'Happy to bleed' campaign after Sabarimala board's comment on machine to scan menstruating women
'Happy to bleed' campaign after Sabarimala board's comment on machine to scan menstruating women

'Happy to bleed' campaign after Sabarimala board's comment on machine to scan menstruating women

Women and men are saying it's not ok to think menstruation is 'impure'

When the head of the Travancore Devaswom Board, the body in charge of Sabarimala Ayyappa temple, came out and said that women could be permitted to enter the temple when a machine to check whether it was the ‘right time’ is invented, a number of women and men criticised his views.

Facebook group Feminism in India began the #Happytobleed event and hashtag, in which women hold up sanitary napkins or signboards saying they are happy to bleed.

Some men too held up similar posters but with captions that said “in solidarity with #Happytobleed”.

Some men just said they supported the campaign

It hasn’t gone viral, but the Happy to Bleed campaign has definitely made its presence felt on both Twitter and Facebook and has got people taking a stand on the notion that menstruation is “impure”. Some women, while supporting the idea, said that menstruation was not a happy time for them. 

Others criticised the campaign for being nothing but attention-grabbing tactics.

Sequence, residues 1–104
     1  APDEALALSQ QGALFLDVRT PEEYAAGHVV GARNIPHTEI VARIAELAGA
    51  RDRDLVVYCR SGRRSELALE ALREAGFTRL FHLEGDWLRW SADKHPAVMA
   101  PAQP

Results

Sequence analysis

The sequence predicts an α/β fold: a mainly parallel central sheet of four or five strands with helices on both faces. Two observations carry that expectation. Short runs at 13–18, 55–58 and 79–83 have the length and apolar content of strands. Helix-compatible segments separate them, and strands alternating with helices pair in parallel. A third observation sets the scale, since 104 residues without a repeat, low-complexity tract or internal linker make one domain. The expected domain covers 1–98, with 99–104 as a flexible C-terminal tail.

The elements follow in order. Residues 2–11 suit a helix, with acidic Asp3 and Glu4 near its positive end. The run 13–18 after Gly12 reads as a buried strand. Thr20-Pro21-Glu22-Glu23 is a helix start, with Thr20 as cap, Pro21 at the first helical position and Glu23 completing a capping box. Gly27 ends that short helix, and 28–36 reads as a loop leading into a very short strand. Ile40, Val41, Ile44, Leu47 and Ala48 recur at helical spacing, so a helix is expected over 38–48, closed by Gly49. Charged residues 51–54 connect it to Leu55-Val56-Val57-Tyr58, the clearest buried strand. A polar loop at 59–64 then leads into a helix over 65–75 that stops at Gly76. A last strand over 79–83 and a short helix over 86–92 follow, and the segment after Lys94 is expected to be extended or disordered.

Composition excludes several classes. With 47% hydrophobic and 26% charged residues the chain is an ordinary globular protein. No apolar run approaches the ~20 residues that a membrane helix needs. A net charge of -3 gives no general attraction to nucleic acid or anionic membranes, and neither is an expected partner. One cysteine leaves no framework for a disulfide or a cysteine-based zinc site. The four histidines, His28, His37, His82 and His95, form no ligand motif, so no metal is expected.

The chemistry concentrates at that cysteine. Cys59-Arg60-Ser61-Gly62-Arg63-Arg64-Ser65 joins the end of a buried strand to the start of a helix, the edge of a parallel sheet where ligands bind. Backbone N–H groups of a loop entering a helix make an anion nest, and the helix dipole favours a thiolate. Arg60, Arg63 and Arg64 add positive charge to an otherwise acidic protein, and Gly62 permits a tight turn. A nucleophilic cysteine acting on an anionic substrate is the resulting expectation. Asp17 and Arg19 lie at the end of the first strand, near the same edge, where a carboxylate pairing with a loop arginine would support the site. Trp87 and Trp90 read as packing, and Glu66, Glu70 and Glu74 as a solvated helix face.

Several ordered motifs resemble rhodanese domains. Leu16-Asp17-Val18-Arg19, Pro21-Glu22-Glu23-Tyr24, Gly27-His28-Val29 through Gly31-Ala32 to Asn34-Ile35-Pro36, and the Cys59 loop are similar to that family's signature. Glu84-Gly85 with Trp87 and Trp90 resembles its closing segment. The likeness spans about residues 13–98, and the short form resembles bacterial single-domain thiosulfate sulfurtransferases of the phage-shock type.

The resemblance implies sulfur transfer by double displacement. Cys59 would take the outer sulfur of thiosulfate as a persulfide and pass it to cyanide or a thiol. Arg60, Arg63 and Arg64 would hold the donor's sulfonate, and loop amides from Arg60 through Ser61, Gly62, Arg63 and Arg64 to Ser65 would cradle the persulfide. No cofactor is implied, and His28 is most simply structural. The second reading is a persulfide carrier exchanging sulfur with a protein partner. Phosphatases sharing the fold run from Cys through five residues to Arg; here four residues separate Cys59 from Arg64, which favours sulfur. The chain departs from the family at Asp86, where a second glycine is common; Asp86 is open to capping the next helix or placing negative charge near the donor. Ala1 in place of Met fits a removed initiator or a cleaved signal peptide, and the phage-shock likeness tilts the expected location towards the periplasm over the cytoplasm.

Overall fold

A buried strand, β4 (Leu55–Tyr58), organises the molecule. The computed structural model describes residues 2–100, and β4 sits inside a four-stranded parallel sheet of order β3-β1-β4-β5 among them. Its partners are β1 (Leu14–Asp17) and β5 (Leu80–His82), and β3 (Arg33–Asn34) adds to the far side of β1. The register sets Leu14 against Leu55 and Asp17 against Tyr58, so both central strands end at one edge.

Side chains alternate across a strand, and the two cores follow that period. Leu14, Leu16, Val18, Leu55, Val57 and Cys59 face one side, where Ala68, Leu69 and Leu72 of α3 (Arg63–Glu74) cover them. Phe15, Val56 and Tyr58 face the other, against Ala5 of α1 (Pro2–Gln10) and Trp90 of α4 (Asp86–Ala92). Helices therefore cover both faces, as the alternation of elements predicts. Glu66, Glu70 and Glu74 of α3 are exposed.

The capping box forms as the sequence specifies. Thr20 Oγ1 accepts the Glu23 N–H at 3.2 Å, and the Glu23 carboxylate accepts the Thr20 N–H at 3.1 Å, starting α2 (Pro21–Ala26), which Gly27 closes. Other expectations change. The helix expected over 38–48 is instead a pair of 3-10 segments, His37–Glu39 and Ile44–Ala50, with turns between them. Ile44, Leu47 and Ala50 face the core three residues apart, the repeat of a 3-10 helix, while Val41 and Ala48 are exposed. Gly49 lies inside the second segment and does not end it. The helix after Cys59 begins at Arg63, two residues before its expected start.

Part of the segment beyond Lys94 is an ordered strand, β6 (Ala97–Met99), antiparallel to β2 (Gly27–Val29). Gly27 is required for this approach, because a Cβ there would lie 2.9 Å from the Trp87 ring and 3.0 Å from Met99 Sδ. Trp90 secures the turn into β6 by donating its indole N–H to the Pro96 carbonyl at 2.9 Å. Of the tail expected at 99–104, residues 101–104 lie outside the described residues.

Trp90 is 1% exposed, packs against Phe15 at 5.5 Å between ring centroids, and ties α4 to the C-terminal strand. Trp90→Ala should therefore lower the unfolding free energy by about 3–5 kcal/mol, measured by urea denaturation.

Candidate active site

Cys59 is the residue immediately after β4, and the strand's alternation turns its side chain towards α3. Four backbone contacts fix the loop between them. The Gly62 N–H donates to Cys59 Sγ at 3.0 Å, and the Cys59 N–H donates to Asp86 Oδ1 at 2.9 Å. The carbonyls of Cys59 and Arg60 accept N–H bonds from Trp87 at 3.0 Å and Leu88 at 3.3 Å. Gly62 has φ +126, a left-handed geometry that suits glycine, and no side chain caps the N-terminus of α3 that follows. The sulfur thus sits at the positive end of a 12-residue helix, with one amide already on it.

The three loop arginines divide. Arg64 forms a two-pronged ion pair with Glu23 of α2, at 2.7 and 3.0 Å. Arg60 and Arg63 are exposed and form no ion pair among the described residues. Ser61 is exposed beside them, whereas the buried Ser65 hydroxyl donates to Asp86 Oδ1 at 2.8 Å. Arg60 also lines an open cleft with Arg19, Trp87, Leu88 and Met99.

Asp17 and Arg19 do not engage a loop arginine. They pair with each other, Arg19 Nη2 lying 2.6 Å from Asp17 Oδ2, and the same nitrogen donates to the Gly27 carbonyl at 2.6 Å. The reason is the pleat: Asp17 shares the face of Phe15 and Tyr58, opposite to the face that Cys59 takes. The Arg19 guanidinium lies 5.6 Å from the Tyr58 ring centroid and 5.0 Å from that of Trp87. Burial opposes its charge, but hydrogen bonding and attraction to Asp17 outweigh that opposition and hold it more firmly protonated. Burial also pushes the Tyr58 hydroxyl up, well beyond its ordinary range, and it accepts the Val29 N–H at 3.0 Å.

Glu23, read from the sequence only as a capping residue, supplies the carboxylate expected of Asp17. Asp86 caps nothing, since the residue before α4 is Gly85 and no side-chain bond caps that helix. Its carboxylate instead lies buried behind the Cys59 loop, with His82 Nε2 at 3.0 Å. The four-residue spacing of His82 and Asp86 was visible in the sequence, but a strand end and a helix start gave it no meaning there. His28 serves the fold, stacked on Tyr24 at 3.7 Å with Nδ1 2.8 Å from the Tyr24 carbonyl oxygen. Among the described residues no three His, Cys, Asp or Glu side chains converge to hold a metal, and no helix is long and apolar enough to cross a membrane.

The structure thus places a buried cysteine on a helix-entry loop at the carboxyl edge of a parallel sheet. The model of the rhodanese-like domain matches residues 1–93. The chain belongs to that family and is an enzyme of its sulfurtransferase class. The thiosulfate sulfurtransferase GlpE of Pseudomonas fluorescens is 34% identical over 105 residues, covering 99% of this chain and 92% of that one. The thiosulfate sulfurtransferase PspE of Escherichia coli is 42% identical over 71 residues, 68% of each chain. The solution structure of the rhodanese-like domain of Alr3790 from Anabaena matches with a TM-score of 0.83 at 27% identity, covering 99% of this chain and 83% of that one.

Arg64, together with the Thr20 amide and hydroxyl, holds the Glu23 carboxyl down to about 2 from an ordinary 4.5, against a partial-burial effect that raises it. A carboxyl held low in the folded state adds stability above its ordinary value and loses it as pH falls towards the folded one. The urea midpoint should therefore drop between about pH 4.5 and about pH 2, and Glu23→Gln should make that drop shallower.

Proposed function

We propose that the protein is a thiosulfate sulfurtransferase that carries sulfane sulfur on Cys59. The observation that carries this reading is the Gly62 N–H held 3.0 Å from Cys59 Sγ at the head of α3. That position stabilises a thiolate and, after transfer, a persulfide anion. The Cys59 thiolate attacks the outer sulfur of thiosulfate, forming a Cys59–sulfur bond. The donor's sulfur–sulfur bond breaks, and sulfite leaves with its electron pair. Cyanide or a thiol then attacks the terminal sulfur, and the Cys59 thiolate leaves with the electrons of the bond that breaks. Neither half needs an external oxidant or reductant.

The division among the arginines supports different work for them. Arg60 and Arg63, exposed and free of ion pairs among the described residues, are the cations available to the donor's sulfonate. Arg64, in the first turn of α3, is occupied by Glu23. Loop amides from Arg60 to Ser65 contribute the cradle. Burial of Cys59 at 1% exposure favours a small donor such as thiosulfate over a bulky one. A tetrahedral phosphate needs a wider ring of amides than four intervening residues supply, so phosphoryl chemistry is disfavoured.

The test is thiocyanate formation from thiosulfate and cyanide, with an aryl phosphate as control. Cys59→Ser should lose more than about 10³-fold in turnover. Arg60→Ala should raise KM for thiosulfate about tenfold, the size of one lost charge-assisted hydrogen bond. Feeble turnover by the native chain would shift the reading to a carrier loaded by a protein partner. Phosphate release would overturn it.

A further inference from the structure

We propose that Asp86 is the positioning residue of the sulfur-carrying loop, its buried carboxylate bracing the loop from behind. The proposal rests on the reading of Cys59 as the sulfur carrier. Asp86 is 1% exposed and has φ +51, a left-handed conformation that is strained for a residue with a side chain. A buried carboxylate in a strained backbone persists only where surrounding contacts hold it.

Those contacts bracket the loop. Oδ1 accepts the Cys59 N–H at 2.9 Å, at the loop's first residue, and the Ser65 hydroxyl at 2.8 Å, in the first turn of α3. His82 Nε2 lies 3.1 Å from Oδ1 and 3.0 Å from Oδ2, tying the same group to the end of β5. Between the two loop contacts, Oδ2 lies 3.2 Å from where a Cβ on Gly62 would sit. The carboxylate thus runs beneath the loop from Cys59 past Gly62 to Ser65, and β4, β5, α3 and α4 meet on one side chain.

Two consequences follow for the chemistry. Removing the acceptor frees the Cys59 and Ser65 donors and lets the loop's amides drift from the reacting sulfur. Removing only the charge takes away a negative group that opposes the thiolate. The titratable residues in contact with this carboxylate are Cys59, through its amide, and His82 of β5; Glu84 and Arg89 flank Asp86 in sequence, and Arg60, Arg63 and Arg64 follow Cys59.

The campaign follows an article by Nikita Azad for Youth Ki Awaaz called ‘A young bleeding woman’ pens an open letter to the keepers of Sabarimala temple. A comment on the story by Ayyappa Devotee talked about why the temple did not allow women.

The user said that the Sabarimala temple was one of four Ayyappa temples which constitute the worship of the Dharmashasta deity. Only the Sabarimala temple barred women’s entry because it symbolised Ayyappa’s Brahmachari stage. The user said that a devotee had to observe certain rules for 41 days (but did not mention why specifically that number of days).

After this point, the explanation sort of veers off into a mansplanation on how women would only distract a man from his “great attempts to control his mind (as sexual urges do happen and are very normal too. This is exactly the way nature has built us)”.

Sabarimala temple authorities however, have maintained that the temple’s denial of entry for women had nothing to with menstruation-related ‘impurity’, but said that certain rules had to be observed for the presiding deity who was celibate.

Speaking to The News Minute on Monday, activist and member of the Sabarimala tantri family Rahul Easwar evaded a direct answer on the question of supposed impurity of menstruation.

He denied that the president of the Travancore Devaswom Board Prayar Gopalakrishnan had talked of a machine to scan for ‘impurity’.

“Devaswom Board chairman did not mean it the way the media portrayed it, he only spoke about appropriate times" he said.

Asked whether appropriate meant menstruation, Easwar did not answer. To a question on the campaign which had sprung up around Gopalakrishnan’s remarks, Easwar said “Why can’t people understand that it’s tradition? It is not gender discrimination. Hinduism gives importance to women. Every religious institution has its customs which have been followed for hundreds of years. Even the Kerala High Court and Supreme Court have upheld these customs.”

The debate continues.

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